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judochop's avatar

Too bomb the house or not to bomb the house... That is the question.

Asked by judochop (15991 points ) November 8th, 2009 from iPhone

I have a large hairy dog, my best friend. He has fleas, badly. I’ve washed and flea controlled him and nothing. They keep coming back!! He’s miserable. My cat has no fleas and she goes outside and in as she likes. I’ve no flea bites, girlfriend, daughter no bites…. I’ve just applied more flea stuff to his back and I’ll see how he is tomorrow but if this does not work do you recommend bombing the house? I don’t ingest chemicals not even asprin. I use viniger to clean my counter tops…. I hate the idea of throwing chemicals around but if I have to do it then I’m on it. Any of you fellow jellies have advice for me and my buddy?

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14 Answers

asmonet's avatar

Our big Great Pyrenees was trouble enough with all his thick white fur. A few times we had to clip down his hair completely just to get through it. He looked silly but was much happier. The one time they kept coming back, we clipped him down, gave him a thorough bath, combed through all his hair, and bombed the shit out of the house.

Bada bing, bada boom. No fleas.

judochop's avatar

Ha. My buddy, Valentine. He’s a Great Pyr. He’s two. I cut him down every summer & let his coat grow back in the colder months.

gemiwing's avatar

You can make him a collar out of a hankerchief and cedar balls, that can help him. Also feed him a lot of garlic. I hate using chemicals too. Honestly I would wait a few days then see if the fleas go away since you just treated him.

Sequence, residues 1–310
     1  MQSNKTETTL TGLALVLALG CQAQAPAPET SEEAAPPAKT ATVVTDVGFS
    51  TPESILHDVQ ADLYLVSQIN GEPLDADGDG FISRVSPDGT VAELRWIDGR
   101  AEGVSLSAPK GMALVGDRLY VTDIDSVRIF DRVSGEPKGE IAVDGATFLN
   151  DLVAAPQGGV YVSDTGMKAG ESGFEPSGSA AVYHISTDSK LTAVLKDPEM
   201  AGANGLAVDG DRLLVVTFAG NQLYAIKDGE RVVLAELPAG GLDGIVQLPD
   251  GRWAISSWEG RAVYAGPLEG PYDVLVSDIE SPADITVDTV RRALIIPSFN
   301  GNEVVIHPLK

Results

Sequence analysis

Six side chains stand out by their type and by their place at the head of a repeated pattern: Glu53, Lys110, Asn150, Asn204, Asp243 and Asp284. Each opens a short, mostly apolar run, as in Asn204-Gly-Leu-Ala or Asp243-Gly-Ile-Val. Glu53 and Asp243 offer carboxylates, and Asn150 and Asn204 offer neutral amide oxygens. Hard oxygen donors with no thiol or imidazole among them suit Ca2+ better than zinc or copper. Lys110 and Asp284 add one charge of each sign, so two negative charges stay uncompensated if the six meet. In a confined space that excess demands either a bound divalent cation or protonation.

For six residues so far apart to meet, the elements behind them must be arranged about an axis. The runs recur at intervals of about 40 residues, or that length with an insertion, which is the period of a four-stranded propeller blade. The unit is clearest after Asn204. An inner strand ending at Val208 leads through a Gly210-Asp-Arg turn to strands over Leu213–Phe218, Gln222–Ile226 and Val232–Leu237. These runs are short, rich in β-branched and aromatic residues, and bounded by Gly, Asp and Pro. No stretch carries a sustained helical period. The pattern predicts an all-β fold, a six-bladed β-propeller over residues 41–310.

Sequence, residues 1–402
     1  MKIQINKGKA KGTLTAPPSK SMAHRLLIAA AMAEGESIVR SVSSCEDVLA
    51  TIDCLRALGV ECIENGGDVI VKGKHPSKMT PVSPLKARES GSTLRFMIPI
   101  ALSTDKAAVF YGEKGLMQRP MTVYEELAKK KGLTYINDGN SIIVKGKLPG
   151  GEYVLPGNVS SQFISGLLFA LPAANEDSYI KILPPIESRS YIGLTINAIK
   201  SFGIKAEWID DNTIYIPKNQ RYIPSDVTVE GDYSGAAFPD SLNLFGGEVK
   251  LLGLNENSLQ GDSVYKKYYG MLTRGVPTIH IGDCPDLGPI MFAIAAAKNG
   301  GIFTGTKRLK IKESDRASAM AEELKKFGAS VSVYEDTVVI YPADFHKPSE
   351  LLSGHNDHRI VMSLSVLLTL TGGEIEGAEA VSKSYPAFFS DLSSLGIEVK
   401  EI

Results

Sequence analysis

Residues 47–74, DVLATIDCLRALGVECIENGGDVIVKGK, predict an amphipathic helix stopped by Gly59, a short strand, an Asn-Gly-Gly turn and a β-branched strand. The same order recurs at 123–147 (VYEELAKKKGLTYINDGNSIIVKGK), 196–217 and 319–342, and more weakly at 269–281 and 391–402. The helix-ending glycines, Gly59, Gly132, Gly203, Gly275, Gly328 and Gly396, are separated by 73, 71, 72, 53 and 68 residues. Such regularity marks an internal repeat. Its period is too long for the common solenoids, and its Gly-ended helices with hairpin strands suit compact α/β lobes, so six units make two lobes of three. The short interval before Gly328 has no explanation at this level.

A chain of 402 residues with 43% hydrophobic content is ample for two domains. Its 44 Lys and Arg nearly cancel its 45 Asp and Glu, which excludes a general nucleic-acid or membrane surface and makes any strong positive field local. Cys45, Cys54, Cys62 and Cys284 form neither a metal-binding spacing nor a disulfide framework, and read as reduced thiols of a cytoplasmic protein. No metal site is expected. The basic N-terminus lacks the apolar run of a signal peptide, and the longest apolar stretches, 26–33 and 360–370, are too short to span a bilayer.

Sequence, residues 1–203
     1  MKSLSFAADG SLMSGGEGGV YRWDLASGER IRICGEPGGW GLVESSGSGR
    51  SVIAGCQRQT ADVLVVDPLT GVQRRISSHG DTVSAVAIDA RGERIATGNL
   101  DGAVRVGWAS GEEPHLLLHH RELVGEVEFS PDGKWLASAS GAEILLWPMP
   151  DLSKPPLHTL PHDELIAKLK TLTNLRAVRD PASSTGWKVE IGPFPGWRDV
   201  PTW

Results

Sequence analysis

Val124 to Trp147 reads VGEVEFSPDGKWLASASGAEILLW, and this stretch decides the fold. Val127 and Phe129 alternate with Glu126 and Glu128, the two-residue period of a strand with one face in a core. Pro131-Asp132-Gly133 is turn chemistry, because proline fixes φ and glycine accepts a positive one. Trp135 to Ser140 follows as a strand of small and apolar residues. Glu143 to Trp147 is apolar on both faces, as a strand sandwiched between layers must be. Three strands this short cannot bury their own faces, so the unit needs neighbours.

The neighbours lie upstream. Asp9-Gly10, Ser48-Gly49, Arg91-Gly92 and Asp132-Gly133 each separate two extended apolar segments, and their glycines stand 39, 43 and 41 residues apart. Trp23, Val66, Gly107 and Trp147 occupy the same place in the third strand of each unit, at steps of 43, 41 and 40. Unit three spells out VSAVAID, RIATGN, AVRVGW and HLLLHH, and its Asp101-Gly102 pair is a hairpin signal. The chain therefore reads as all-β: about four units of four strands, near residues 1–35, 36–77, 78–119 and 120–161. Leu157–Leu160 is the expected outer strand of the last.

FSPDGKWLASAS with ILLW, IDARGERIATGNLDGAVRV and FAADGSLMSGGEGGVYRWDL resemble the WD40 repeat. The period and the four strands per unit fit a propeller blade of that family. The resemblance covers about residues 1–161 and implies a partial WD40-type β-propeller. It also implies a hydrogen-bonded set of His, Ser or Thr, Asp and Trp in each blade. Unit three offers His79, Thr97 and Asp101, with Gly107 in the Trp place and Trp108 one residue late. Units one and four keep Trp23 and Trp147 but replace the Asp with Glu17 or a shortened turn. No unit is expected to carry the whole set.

YARNLADY's avatar

Hire a professional Flea fighter and let them have at it.

wildpotato's avatar

We’ve bombed twice now, bought a Dyson Animal and vacuum regularly, shampoo and spray and Frontline and we even sprayed the backyard. And the fleas are still here. I think the bombing helped a lot, but you also have to vacuum every day, and especially right after you bomb. Sweep and mop, wipe down everything to get the pesticide off (vinegar), and then just keep vacuuming.

Dog's avatar

Okay I have been where you are and can offer yet another alternative.

To kill all the fleas on the dog right away go to the vet or pet store and get some Capstar

I did this for our large dog, put her in the bathroom and gave her one of the tablets which she ate with no problem. Within 20 minutes I saw dead and dying fleas dropping off her onto the tile floor.

I then followed up with Program tablets which solved the problem without putting chemicals in the entire house. (the fleas have no host to bite if the pets are protected and the life cycle ends)

If you decide to go this route you can get this stuff online or at most pet stores or veterinarians. I would call the stores first to be sure they have it.

jonsblond's avatar

I used what @Dog did and it is very effective!

rooeytoo's avatar

@Dog – I was of the impression that the fleas can lie dormant in carpet or cracks in the floor for prolonged periods of time, but I guess if a host never presents itself, then they would stay dormant until they die. I don’t know, Darwin always knows about this stuff.